I love cranberries. Cranberry sauce, cranberry compote, dried cranberries in my cereal. But cranberries with my science? You bet. This is the time of year the fresh cranberry displays start popping up in your local grocery store since cranberries are in season from October to December. And if you’re like me, you buy them with every intention of making a Martha Stewart worthy side dish, only to buy the canned stuff the night before the big feast. So what to do with those bags of good intentioned fresh cranberries? Have some sensory STEM fun!
Kids love to play with water. So do cranberries sink or float? Fill up the sink with water and find out. Hint: They float. But why? Cranberries have a small pocket inside that fills with air making them buoyant. If you prick a hole in a berry with a toothpick, can water get in and make it sink? Guess what else that air makes them do? Bounce! Have your kids feel the berries. They feel pretty hard, not squishy like most berries. Drop one on a hard surface and watch nature’s super ball in action.
This is also the time of year we have all heard “over the river and through the wood”. Chances are you’ll be crossing a bridge, especially here in Pittsburgh. Gather some more of those toothpicks and dry off your berries. Can your little engineers build a cranberry bridge? Use the cranberries as connectors by sticking the toothpicks into the berries. Balance an index card on the surface of the bridge and add pennies one by one to see how much weight your bridge can hold.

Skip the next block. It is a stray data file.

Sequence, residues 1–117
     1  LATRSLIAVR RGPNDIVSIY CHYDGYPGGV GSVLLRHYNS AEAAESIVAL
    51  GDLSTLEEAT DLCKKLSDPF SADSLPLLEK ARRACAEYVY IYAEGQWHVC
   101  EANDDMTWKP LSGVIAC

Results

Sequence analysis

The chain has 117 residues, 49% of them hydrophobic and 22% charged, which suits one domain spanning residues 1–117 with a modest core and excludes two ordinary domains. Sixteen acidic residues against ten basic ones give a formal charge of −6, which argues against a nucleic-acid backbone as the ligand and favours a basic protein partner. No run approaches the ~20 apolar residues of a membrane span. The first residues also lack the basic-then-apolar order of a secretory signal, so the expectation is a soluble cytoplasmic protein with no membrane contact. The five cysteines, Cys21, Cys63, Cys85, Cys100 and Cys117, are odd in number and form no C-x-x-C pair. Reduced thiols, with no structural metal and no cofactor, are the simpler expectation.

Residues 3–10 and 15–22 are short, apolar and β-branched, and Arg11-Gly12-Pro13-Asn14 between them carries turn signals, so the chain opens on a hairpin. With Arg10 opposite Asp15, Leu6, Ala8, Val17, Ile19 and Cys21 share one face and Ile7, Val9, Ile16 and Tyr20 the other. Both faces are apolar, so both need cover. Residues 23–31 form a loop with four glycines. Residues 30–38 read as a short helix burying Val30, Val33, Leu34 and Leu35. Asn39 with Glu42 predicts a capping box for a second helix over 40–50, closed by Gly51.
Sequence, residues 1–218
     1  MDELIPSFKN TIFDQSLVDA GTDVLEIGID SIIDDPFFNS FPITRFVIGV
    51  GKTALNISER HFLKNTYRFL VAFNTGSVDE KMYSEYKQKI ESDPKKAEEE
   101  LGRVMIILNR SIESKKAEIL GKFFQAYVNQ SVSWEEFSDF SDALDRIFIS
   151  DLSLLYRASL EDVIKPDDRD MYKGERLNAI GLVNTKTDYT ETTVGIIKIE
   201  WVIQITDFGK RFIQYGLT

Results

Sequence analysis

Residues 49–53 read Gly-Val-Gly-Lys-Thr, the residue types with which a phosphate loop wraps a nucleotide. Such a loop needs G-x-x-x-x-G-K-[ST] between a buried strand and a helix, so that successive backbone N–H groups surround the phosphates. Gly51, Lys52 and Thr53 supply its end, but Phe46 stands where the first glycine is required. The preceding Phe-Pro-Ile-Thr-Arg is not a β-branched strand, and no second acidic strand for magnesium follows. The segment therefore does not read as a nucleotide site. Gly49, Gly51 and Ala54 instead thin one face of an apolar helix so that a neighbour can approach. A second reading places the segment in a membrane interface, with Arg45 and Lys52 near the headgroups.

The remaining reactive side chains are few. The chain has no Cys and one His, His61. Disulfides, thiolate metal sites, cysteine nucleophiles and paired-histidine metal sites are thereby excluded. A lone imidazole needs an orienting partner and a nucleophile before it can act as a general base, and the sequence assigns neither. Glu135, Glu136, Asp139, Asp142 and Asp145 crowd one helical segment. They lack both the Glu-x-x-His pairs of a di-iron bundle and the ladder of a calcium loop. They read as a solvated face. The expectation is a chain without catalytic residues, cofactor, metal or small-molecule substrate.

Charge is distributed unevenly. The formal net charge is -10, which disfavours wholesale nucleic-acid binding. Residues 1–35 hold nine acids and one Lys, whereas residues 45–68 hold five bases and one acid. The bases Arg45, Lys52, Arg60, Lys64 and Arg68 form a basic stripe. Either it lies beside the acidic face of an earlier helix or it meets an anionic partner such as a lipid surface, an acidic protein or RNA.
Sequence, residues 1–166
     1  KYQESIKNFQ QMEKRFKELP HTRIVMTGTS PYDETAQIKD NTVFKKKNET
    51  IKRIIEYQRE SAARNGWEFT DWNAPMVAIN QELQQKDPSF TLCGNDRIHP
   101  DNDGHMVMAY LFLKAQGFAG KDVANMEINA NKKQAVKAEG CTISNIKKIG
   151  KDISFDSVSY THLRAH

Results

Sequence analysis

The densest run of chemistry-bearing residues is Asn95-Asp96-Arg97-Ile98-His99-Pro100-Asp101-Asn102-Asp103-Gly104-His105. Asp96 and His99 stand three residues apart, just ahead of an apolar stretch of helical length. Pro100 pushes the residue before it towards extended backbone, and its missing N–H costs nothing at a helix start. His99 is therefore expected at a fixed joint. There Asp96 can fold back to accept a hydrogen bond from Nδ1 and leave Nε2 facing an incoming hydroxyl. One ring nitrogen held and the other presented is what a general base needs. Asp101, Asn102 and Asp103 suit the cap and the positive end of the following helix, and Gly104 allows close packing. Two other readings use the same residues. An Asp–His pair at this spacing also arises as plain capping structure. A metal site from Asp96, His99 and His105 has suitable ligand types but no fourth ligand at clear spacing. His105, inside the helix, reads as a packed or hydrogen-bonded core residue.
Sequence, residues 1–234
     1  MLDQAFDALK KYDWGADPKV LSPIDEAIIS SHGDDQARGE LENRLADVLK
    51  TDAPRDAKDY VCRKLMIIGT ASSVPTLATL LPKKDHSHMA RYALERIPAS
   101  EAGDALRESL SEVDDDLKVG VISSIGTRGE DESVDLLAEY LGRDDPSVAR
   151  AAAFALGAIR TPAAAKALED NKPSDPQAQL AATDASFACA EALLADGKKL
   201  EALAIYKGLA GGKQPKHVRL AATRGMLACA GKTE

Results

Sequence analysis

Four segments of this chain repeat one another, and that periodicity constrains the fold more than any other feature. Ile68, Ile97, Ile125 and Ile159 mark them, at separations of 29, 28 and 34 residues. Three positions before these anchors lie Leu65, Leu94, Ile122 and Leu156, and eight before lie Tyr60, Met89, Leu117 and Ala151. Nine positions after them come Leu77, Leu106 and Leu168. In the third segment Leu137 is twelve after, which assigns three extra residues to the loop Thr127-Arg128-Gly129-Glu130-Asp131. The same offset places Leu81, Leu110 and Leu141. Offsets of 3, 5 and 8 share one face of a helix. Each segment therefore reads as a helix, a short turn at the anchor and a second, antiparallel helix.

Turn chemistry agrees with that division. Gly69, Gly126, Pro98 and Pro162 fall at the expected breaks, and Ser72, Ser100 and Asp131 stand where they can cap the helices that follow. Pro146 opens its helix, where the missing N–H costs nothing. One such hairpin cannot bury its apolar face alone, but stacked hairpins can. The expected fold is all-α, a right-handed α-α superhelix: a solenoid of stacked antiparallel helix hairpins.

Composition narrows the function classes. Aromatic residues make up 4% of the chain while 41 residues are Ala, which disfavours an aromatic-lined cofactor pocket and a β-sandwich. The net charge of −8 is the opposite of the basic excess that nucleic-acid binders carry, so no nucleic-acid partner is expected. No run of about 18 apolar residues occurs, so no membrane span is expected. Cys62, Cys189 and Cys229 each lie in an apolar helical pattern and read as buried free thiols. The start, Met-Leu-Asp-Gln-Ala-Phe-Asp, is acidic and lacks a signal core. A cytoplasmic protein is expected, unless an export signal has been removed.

Still have some berries left? Sort all the good ones into a bowl and discard the rest. Let’s see what cranberries taste like! Wait! You’re not gonna want to just pop a fresh cranberry into your mouth. They are very bitter. So bitter that eating a raw cranberry could give you a bellyache. Some fun and science-y things happen when you cook cranberries. Here’s a simple recipe from Food Network’s fellow science lover Alton Brown:
Wash the cranberries and discard any soft or wrinkled ones.
Combine ¼ cup (freshly squeezed) orange juice, ¼ 100% cranberry juice (not cocktail) and 1 cup honey in a 2-quart saucepan over medium-high heat. Bring to a boil and then reduce the heat to medium-low and simmer for 5 minutes. Add 1 pound of cranberries (approx. 4 cups) and cook for 15 minutes, stirring occasionally, until the cranberries burst and the mixture thickens. Do not cook for more than 15 minutes as the pectin will start to break down and the sauce will not set as well. Remove from the heat and allow to cool for 5 minutes.
Carefully spoon the cranberry sauce into a 3 cup mold. Place in the refrigerator for at least 6 hours and up to overnight.
Remove from the refrigerator, overturn the mold and slide out the sauce. Slice and serve. (source: FoodNetwork.com)
This recipe only has four ingredients, three of which are mostly sugar. That gives you an idea of just how bitter cranberries are. Also, one of them is an acid, the orange juice. That acid is going to help the berry pectin, a fiber found in fruits, mix with the sugar to create a gel. The other cool thing that will happen is that the berries will burst! That air inside that made them float and bounce heats up and causes the berries to explode.
There’s a lot of STEM packed into this native North American berry!
Check out these books for more cranberry and Thanksgiving fun:
Cheryl is a Children’s Library Assistant at CLP – South Side. She loves fuzzy blankets, doughnuts and daydreaming.